Tallying America's Tweeters—The Feathered Ones

Every year, volunteers throughout the Americas grab their notepads and binoculars to take an inventory of local birds for the National Audubon Society's Christmas Bird Count. Greg Butcher, Audubon's director of bird conservation, talks about this year's tallies and species to look for.

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IRA FLATOW, host:

This is SCIENCE FRIDAY. I'm Ira Flatow.

It is the most wonderful time of the year, and to that I mean when birders all over America get out their binoculars and their notebooks and their warm clothing to talk up all the birds they see for Audubon's annual Christmas bird count.

And then we always like to check in on the count at this time of the year to see how the purple finches, the red-breasted nuthatches and all their pals are doing.

And we want to hear what you've seen too. Spotted anything good, or maybe you're a little bit mystified by something you saw fluttering through the trees? Maybe we can help you figure it out. Give us a call. Our number is 1-800-989-8255, 1-800-989-TALK. You can always tweet us @scifri, @-S-C-I-F-R-I.

Joining us now is Greg Butcher, director of bird conservation for the National Audubon Society in Washington. Welcome back.

Mr. GREG BUTCHER (National Audubon Society): Thanks a lot. Hi, Ira, how are you doing?

FLATOW: Hey, how the bird watch going?

Mr. BUTCHER: Oh, it's going great. You must have been doing your homework because red-breasted nuthatches and purple finches are the big news in the East this fall.

FLATOW: No kidding?

Mr. BUTCHER: Yeah.

FLATOW: Wow, tell me about that.

Mr. BUTCHER: Well, those are eruptive species. So some winters we don't see any, and some winters we see a bunch. So this is a relatively good year for both those species.

FLATOW: Any guess why that is?

Mr. BUTCHER: Well, these are birds that sometimes they winter in Canada, if there's a good enough food supply for them. But this year there doesn't seem to be enough seats to keep them all happy in Canada, so they come visit us in the states.

FLATOW: Now, the bird count isn't really a complete census, is it?

Mr. BUTCHER: Well, no. If you think of a complete census, like they did - the Bureau of the Census just did for the country, we don't try to count every bird. It's really just a sample of what's out there every year.

CONAN: And it goes on all over the country, correct?

Mr. BUTCHER: Oh, my goodness, we have more than 2,000 places every year where we count birds, all across the U.S., southern Canada, and most of the Western Hemisphere.

FLATOW: Is it too late to get in on this?

Mr. BUTCHER: Oh, not at all. We go till January 5th. So you can actually go on our website. If you Google Christmas bird count and you can find a location near you. We've got a location finder.

FLATOW: And so what kind of results have you gotten so far this year?

Mr. BUTCHER: Well, the results are we've had some record counts. So it's interesting. Even though where I am in Washington, D.C., it's pretty chilly, it's kind of concentrating the birds. So we've seen some record numbers.

CONAN: Wow, and in any part of the country where you're seeing more than others?

Mr. BUTCHER: Well, basically it's good all across the country, and every state kind of has its own special birds this year.

CONAN: Now, you were just down on a count in Ecuador, right? Tell us about that.

Mr. BUTCHER: Oh, I was on a birder's dream. I couldn't believe it.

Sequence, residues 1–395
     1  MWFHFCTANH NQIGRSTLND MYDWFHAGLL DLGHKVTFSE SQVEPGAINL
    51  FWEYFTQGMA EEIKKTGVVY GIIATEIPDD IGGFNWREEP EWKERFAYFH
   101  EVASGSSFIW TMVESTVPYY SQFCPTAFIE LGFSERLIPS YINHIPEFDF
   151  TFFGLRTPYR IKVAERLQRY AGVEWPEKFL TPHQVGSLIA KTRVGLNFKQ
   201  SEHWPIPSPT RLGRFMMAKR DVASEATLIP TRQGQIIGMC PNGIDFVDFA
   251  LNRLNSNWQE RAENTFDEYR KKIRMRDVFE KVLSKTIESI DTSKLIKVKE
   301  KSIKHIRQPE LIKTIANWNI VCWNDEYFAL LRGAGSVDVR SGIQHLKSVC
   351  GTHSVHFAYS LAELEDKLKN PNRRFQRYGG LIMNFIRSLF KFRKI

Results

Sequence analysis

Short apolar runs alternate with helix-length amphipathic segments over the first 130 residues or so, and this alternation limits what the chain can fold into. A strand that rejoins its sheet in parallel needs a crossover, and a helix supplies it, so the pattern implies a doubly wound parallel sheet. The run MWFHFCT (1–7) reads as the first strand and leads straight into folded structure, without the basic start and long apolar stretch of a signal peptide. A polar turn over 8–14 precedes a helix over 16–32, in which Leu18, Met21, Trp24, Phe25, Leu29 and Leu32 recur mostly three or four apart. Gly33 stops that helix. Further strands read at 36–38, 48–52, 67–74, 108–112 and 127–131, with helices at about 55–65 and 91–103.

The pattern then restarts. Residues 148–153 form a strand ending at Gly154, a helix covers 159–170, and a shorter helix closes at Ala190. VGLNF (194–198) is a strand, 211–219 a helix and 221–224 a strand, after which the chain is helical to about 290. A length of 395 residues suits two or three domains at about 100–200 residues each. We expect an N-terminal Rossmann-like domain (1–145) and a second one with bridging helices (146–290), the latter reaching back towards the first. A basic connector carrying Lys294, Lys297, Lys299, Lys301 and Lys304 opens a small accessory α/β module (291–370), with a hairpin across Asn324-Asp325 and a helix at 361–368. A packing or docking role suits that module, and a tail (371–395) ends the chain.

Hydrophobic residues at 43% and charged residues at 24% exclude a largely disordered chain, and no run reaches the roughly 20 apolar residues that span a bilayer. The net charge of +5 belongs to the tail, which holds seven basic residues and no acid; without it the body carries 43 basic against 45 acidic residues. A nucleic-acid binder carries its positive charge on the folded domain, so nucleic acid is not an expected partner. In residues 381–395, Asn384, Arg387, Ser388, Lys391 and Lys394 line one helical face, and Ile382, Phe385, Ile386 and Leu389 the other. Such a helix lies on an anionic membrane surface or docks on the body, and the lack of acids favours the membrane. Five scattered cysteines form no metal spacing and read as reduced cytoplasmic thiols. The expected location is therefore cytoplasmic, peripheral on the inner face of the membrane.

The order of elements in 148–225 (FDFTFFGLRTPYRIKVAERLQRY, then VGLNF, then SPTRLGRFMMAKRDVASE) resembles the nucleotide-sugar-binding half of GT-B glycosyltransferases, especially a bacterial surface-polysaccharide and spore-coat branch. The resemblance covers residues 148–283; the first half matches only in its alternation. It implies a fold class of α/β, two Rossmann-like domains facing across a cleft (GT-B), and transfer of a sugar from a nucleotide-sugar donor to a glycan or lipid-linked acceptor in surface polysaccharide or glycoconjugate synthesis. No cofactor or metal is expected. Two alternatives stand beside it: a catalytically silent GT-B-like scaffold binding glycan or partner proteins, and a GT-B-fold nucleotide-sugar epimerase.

(Soundbite of laughter)

Mr. BUTCHER: I went to the number one Christmas bird count in the world. So I got to go to Mindo, Ecuador, and I was within inches of the equator, in the Andes Mountains and in the place where they see more birds on Christmas bird counts than any other place.

FLATOW: Wow. Let's go to the phones, to Darcy(ph) in Kansas City. Hi, Darcy.

DARCY (Caller): Hi, I'm in Kansas City, Kansas. How are you doing, Ira?

FLATOW: Fine.

DARCY: I love your program.

FLATOW: Everything's up to date today, right?

DARCY: Something like that.

FLATOW: Yeah.

DARCY: I put out birdfeeders every winter because I like to see little birds come and get what they need to survive over the season. And, oh, I've seen flickers, a tufted-headed titmouse, various(ph) sparrows, male and female downy woodpeckers. But I've also seen a golden flicker. He's come back.

FLATOW: A golden flicker(ph).

DARCY: Yes.

FLATOW: What does it look like besides being golden? Is it a big bird, small bird?

DARCY: Okay, it's a smaller - it's a little bit bigger than a woodpecker. They have a butter-yellow breast, and the back is kind of tannish gray. And the males have a little orange-reddish cap.

FLATOW: Greg, what do you think of her golden slicker(ph)?

Mr. BUTCHER: Oh, it's a great bird. It actually is a type of woodpecker, and they often will feed on the ground. And it's one of the few birds in North America that will eat ants. And they will come in to birdfeeders.

DARCY: I put up (technical difficulties) for my woodpeckers, and I've got a regular seed feeder.

Mr. BUTCHER: Yup, and the flickers will often come to that suet. So it's a great bird you have. The normal name people use for it is Northern flicker, but in the East they have what they call yellow shafts, and in the West they have red shafts. So what they're seeing in Kansas City is one of the eastern kinds of flickers.

FLATOW: Thanks for the call. Let's go to Rachel(ph) in Huntsville, Alabama. Hi, Rachel.

RACHEL (Caller): Hi.

FLATOW: Hi there.

RACHEL: We saw seagulls, a flock of seagulls, in Huntsville, Alabama.

FLATOW: Wow, they're a little far from home.

RACHEL: Yes, they are. I just wanted to know what you made of that.

(Soundbite of laughter)

Mr. BUTCHER: Ornithologists don't tend to call them seagulls because you can see them anywhere in the country. And what you've probably got in Huntsville, Alabama is ring-billed gulls, because those are the species that like the inland areas more than, say, heron gull or a great black-backed gull, which is more likely to stick close to the sea.